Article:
FILM kicks off fall season with ?Side By Side?
FILM at the Erie Art Museum debuts documentary
It sounds similar to the argument being had over the best method of listening to or experiencing music. Vinyl provides warmth that CDs and MP3s fail to capture. But plugging a turntable into your car's dash seems laughable – but even less laughable than going for a run through the park with one strapped to your back.
But there's a magic to be had in an older technology – the scraping of the needle as it meets the vinyl and settles into a groove, the sound of crackling as it takes us back to the days before 8-tracks and cassette tapes – that keeps the debate raging.
Chris Kenneally's "Side By Side" follows a similar argument being had in the film industry, as he frames the debate between photochemical filmmaking and digital filmmaking. Through the documentary, Kenneally tracks the evolution of the art of film beginning in 1825 through present day, as filmmakers wrestle to determine the best means of capturing their vision for audiences to see.
With Keanu Reeves at the helm of the film as narrator and interviewer, Kenneally peppers the documentary with insight from actors, directors, cinematographers, editors, film executives, special-effects artists, and more in what results in a sheer cinephilic delight of the amalgamation of the art and science of the silver screen. Reeves, who also produced the film, displays keen insight not just into the film industry, but the production that takes place behind the scenes that many viewers likely took for granted – before this film, at least.
In between the filming for various other projects, Reeves sits down to pick the minds of film greats, like Christopher Nolan and Martin Scorsese – both of whom relish the qualities celluloid offers to cinema – and David Lynch and Steven Soderbergh – both of whom embrace the advances in filming that digital technologies brings – as well as James Cameron and George Lucas, who stand at the forefront, pushing and demanding more of the medium than ever before. All of which continually kindles the fire burning between the two sides.
The film opens with a montage of notable and respected films, both classic and contemporary, and Kenneally refuses to let his foot off the gas, keeping the momentum rolling. Amid the interviews, Kenneally packs the interesting and relevant – albeit dense at times – science behind the processes, where we learn tidbits, like how silver filaments react to capture images and how high-definition cameras offer 1920 pixels per frame and the invention of the RED Camera multiples that to 4096 and the RED Epic takes it even further to 5120. We also witness the evolution of filmmaking, ranging from abandoning large production equipment for handheld devices to the recent employment of 3D cameras as the technological tides of the art of film ebb and flow.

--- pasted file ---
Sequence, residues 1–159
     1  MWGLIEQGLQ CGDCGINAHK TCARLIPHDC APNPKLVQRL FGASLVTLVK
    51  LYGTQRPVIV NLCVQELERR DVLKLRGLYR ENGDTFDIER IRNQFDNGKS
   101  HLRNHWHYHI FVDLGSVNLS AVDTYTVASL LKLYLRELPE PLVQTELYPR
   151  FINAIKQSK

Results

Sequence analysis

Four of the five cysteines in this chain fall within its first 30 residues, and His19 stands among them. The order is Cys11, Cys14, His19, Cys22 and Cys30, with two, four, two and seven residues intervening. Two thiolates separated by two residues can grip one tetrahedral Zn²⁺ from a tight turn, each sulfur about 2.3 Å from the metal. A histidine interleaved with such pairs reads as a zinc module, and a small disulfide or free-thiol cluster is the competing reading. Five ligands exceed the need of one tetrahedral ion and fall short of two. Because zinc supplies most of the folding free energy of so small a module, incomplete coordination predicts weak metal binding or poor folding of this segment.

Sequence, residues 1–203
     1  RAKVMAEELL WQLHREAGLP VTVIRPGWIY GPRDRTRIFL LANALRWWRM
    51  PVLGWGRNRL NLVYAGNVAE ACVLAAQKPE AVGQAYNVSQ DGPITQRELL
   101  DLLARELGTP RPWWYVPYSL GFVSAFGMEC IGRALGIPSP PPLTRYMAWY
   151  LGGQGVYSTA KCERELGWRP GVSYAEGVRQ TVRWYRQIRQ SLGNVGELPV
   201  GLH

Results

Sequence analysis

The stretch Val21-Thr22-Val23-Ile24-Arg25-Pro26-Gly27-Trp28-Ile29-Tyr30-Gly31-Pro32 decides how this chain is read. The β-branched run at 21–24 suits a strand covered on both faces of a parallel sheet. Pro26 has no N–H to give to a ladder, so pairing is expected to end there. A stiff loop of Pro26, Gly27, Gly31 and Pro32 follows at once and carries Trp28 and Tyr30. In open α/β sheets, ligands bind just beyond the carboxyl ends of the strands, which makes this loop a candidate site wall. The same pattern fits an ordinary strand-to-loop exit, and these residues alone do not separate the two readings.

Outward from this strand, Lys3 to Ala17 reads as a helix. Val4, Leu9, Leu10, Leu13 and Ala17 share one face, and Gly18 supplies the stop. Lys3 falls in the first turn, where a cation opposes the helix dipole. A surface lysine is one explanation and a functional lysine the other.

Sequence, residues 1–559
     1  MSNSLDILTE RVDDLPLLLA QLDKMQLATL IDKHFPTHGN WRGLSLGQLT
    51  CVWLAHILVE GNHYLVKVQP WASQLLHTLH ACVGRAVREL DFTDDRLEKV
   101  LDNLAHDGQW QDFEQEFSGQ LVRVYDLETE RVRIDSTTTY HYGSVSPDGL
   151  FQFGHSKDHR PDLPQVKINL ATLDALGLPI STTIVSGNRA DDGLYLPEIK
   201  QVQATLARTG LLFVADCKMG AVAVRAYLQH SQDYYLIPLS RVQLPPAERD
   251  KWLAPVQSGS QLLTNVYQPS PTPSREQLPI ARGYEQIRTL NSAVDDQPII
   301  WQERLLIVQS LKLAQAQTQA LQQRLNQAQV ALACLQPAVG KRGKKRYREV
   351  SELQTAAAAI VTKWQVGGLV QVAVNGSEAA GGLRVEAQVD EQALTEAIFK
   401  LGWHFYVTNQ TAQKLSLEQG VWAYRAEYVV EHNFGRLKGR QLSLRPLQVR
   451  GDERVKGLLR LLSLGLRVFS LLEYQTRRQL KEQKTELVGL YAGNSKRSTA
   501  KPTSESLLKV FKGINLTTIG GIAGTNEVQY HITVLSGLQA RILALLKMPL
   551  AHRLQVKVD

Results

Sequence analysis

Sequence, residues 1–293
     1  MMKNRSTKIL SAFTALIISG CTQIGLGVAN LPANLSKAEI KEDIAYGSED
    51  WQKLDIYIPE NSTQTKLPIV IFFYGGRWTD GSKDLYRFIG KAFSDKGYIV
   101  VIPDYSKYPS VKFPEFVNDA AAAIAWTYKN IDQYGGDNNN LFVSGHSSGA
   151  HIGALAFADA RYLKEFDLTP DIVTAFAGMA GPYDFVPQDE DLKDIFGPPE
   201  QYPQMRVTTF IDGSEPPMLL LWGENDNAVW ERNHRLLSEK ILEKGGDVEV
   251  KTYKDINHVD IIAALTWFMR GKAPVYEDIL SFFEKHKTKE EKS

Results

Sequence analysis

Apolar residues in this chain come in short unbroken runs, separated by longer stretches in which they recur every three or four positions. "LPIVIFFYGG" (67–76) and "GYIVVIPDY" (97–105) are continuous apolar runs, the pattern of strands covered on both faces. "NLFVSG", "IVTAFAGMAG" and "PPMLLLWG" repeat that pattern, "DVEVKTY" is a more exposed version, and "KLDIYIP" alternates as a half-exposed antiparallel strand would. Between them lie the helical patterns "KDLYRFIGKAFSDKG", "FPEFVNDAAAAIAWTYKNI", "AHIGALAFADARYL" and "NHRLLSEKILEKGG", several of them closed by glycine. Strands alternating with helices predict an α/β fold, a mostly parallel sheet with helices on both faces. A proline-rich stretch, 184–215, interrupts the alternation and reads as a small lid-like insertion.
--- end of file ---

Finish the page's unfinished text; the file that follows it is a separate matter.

While the jargon at times can seem heady, the film covers the technical aspects well enough without losing the argument of the art of film – which is what all of this boils down to – and at the focal point, Kenneally keys on the industry heavyweights to keep the argument in perspective. Both methods have pros, but they also have cons, and Kenneally and Reeves present each side fairly, allowing the experts to do the arguing and allowing the viewer to choose their side as they delight in the evolution of the art and science of film, which results in a triumphant rendering of the filmmaking process that any movie-goer can appreciate.
FILM at the Erie Art Musem presents "Side By Side" at 8 p.m., Wednesday, Oct. 3, with doors opening at 7 p.m.
Curator of the series and local filmmaker John C. Lyons said that he chose the film because of its timely content and that it provides a great look into the filmmaking process while remaining accessible to anyone with an interesting in film.
Lyons added, "What better way to get things started this fall than with a new documentary tackling the film versus digital debate head-on and featuring today's top filmmakers. Both entertaining and educational, film fans are in for a real treat. I look forward to hearing our own debates once the lights come up."
For more information on FILM at the Erie Art Museum, visit the group's Facebook page.